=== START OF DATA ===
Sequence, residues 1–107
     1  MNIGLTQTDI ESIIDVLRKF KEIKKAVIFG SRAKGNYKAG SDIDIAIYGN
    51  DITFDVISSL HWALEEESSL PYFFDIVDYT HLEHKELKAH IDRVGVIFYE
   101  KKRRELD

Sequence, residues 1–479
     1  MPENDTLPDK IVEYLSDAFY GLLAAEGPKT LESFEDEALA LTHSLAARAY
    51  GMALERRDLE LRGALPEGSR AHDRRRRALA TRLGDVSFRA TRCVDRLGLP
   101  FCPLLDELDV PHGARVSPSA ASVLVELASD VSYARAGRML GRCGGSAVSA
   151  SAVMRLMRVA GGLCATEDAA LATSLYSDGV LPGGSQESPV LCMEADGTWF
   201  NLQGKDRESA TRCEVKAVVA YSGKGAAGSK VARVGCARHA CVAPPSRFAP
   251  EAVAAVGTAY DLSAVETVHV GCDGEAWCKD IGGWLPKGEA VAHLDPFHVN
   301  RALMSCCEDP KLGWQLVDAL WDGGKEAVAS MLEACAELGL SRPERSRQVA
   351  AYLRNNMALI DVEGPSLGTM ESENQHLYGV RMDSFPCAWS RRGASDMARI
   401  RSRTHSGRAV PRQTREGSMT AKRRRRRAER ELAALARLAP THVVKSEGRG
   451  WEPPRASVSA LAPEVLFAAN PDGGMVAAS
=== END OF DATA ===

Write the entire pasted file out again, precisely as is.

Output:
Sequence, residues 1–107
     1  MNIGLTQTDI ESIIDVLRKF KEIKKAVIFG SRAKGNYKAG SDIDIAIYGN
    51  DITFDVISSL HWALEEESSL PYFFDIVDYT HLEHKELKAH IDRVGVIFYE
   101  KKRRELD

Sequence, residues 1–479
     1  MPENDTLPDK IVEYLSDAFY GLLAAEGPKT LESFEDEALA LTHSLAARAY
    51  GMALERRDLE LRGALPEGSR AHDRRRRALA TRLGDVSFRA TRCVDRLGLP
   101  FCPLLDELDV PHGARVSPSA ASVLVELASD VSYARAGRML GRCGGSAVSA
   151  SAVMRLMRVA GGLCATEDAA LATSLYSDGV LPGGSQESPV LCMEADGTWF
   201  NLQGKDRESA TRCEVKAVVA YSGKGAAGSK VARVGCARHA CVAPPSRFAP
   251  EAVAAVGTAY DLSAVETVHV GCDGEAWCKD IGGWLPKGEA VAHLDPFHVN
   301  RALMSCCEDP KLGWQLVDAL WDGGKEAVAS MLEACAELGL SRPERSRQVA
   351  AYLRNNMALI DVEGPSLGTM ESENQHLYGV RMDSFPCAWS RRGASDMARI
   401  RSRTHSGRAV PRQTREGSMT AKRRRRRAER ELAALARLAP THVVKSEGRG
   451  WEPPRASVSA LAPEVLFAAN PDGGMVAAS